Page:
Everything was shaking and vibrating and I wondered at the time how much faster it could have gone without falling apart. The ship maintained that speed for about an hour before slowing. I was assured at the time by the stokers that it was quite capable of 40 knots if necessary.
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  #6  
Old 28th March 2015, 03:53
McCloggie McCloggie is offline  
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One storey about Manxman says she was exercising in the Med with the US Navy. The US Admiral ordered a course and speed alteration and as she was an old ship sinalled "Manxman make best speed".

Manxman's CO wound up the speed and as she passed the US carrier signalled back "when would youmlike me to stop?"

True or not I do not know but it was one of my father's favourite yarns.

McC
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  #7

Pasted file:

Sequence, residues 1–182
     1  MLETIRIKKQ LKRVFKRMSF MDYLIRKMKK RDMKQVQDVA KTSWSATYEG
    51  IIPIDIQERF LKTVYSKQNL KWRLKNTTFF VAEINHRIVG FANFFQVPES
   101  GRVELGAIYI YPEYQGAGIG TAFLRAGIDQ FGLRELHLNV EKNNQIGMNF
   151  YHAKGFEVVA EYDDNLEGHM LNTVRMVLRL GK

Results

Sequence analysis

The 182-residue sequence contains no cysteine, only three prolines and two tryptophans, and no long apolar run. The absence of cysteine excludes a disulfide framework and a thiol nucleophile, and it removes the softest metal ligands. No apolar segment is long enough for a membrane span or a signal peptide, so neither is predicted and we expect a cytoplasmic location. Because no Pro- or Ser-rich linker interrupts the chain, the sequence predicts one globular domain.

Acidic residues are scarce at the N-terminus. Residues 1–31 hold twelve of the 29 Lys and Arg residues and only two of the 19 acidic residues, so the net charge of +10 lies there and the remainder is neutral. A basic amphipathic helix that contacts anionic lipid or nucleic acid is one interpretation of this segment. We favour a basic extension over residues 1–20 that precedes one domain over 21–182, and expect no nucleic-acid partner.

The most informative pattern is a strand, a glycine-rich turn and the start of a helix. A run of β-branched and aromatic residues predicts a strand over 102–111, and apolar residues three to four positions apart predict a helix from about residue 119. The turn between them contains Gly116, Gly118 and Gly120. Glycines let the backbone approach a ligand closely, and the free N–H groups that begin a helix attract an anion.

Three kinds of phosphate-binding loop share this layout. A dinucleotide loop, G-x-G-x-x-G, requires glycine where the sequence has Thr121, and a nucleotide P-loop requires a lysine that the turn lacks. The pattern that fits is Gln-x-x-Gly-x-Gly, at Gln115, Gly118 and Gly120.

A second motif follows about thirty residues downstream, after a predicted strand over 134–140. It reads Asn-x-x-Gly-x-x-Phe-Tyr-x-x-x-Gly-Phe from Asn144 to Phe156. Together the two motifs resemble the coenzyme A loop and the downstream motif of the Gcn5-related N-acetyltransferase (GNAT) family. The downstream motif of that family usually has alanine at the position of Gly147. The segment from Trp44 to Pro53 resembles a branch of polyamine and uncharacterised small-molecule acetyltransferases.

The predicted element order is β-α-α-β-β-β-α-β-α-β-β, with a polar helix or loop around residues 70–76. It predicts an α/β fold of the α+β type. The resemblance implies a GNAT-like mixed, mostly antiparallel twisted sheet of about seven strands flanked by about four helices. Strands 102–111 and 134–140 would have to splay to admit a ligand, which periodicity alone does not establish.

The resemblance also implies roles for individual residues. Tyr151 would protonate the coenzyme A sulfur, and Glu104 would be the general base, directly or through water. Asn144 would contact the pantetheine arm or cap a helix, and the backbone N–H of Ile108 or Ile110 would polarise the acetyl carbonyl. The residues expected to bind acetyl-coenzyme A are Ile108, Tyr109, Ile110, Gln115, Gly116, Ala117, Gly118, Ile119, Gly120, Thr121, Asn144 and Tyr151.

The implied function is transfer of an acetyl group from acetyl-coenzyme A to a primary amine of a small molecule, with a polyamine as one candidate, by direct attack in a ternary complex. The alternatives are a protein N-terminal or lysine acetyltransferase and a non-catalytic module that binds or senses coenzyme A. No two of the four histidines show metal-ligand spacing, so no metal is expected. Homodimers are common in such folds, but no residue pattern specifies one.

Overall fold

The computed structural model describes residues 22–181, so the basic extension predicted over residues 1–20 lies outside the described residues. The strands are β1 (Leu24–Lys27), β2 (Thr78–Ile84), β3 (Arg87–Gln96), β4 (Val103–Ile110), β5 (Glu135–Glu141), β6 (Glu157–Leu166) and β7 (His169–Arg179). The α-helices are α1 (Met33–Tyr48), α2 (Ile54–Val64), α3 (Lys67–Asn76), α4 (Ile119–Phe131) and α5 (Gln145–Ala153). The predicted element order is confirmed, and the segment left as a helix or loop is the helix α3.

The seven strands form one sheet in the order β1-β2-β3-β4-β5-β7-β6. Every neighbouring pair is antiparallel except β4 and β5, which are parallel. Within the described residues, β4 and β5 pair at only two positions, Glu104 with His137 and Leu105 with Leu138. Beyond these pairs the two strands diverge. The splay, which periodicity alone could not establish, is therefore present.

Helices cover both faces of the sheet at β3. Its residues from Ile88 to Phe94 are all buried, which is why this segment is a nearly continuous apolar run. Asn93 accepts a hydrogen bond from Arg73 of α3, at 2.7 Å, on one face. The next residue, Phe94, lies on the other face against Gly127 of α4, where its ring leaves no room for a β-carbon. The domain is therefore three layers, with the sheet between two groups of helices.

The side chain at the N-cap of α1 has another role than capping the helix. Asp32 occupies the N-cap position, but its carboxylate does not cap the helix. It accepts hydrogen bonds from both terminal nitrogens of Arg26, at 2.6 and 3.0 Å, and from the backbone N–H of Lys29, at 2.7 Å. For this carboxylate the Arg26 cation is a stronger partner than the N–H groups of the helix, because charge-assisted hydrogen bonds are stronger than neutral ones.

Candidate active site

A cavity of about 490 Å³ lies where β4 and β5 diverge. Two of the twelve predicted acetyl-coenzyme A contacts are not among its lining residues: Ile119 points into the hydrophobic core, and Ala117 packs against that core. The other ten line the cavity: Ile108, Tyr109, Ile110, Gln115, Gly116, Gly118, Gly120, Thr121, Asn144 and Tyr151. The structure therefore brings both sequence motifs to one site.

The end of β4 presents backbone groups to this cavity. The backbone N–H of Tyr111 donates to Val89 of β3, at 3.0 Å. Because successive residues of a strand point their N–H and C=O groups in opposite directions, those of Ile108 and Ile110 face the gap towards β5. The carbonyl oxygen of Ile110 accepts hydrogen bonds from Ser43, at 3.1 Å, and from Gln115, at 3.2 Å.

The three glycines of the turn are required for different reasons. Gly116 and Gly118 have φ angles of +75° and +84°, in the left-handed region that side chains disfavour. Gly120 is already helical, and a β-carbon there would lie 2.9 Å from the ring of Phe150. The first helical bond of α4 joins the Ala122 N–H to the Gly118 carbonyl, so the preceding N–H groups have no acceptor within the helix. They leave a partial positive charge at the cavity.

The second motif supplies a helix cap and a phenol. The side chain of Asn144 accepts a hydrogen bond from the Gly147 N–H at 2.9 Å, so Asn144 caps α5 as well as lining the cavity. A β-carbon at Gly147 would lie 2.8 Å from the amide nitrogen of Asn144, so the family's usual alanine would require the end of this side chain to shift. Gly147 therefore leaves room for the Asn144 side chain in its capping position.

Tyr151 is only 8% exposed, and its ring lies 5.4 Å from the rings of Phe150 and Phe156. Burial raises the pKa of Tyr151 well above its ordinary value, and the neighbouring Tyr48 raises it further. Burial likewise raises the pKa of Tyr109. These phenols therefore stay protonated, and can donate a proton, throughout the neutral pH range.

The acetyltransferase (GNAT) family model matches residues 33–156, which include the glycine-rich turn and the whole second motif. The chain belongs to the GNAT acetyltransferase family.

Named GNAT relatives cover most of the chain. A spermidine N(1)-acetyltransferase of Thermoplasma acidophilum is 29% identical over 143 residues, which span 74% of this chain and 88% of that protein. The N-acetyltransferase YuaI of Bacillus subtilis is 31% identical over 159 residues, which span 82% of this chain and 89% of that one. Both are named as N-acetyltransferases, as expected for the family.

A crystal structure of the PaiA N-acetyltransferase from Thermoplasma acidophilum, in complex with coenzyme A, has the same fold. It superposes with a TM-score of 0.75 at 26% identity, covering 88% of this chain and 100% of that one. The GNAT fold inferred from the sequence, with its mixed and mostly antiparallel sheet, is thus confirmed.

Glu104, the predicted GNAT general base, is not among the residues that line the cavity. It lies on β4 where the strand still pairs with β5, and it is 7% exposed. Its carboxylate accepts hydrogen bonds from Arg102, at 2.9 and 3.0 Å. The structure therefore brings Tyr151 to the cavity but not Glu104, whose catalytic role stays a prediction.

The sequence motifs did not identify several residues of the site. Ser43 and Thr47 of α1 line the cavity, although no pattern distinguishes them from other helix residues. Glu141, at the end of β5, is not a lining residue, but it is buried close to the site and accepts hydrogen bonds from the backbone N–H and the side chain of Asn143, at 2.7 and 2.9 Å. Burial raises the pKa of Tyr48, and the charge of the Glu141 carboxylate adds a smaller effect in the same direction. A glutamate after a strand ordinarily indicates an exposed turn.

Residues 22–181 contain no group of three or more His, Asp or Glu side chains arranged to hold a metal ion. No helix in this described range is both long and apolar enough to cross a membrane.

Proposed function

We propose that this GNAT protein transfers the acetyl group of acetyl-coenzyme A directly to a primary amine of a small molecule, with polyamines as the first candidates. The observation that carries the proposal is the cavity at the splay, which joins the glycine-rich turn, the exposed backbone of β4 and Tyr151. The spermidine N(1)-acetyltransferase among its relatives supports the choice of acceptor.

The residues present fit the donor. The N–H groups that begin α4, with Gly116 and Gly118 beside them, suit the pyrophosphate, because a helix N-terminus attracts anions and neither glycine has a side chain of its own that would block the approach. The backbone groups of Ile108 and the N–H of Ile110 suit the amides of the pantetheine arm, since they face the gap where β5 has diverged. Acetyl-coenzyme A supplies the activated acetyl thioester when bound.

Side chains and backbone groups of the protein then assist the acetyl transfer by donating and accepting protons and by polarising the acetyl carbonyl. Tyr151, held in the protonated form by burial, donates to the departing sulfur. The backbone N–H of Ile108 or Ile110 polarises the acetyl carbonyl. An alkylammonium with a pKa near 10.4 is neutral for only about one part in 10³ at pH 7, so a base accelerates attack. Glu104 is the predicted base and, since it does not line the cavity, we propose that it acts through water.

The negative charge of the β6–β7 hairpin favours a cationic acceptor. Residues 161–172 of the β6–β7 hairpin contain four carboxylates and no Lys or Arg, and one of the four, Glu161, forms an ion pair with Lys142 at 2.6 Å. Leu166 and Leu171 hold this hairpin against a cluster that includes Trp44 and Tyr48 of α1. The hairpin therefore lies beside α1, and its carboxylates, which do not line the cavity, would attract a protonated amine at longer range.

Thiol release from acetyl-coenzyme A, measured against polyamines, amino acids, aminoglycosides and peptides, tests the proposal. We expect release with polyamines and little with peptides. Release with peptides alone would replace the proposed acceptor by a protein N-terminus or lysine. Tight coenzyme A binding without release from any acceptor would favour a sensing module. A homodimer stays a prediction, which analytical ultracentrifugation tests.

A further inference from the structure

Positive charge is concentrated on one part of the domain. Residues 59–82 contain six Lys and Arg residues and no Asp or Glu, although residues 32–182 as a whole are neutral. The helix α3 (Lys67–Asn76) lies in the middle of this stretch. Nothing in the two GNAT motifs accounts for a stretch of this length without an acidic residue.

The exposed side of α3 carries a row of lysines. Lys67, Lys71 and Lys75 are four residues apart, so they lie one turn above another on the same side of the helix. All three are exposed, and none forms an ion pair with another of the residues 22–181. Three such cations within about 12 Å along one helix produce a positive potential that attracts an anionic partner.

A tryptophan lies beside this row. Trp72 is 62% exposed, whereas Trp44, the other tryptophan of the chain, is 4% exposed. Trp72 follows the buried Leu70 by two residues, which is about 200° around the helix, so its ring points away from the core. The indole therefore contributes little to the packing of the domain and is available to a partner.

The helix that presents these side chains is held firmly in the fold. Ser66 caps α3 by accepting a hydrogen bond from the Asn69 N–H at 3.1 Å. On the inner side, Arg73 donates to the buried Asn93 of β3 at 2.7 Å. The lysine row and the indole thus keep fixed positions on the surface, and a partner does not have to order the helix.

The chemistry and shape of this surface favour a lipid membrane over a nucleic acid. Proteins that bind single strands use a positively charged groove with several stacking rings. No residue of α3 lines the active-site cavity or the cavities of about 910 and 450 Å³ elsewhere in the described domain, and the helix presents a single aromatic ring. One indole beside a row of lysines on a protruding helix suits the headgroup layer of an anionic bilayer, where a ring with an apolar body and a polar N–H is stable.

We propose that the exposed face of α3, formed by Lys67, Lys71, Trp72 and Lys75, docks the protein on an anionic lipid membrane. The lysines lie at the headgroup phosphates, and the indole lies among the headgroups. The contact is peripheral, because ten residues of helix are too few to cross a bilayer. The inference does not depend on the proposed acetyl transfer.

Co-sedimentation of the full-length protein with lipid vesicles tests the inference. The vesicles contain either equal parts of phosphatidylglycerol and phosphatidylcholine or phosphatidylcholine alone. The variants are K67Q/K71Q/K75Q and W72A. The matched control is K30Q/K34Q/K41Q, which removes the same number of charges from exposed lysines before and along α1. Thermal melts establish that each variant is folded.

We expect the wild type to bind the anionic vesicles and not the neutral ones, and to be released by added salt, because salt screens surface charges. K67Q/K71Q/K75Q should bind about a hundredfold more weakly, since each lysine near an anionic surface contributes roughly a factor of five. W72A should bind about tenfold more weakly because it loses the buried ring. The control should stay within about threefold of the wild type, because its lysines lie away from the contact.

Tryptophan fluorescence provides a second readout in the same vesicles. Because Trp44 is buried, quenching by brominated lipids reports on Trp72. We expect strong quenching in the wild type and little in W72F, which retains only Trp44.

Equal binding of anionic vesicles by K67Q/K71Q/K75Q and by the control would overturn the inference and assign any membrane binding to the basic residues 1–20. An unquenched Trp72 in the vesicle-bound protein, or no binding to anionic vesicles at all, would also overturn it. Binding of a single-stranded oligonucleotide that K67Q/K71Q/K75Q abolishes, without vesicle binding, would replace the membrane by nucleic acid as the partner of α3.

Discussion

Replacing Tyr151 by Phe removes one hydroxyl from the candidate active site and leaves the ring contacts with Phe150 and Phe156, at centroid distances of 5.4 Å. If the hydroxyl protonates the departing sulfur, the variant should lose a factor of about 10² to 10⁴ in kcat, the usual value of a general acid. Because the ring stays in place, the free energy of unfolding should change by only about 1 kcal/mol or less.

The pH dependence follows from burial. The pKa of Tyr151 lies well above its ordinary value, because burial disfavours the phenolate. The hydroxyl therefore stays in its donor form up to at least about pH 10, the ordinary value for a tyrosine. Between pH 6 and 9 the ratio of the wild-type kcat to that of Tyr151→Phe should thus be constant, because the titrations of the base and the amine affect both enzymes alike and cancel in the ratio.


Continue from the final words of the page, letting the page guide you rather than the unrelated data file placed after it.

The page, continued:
Old 1st April 2015, 14:51
Brian Smither Brian Smither is offline  
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[QUOTE=LouisB;1338002. I can quite believe it as she was a fairly small and narrow vessel (when compared to a Daring class for example) and had over 70,000 shaft horsepower at her disposal.

I was in Diamond 1953 - 1956. We were ordered back to Chatham from Gibraltar poste haste. I remember we did 30 - 32 knots all the way. We had 54,000hp at our disposal, at the time I was after engine room watchkeeper, the Chadburn registered 300 - 320 rpm all the way. At the time it was rumoured that we still had a few more knots to spare but was probably worried about running out of fuel!
Unfortunately I can't remember now how long we took but it was very exciting stuff for an 18 year old stroker! Needless to say I was kept very busy taking Plummer block temperatures and numerous other readings all having to be written up in the register hourly.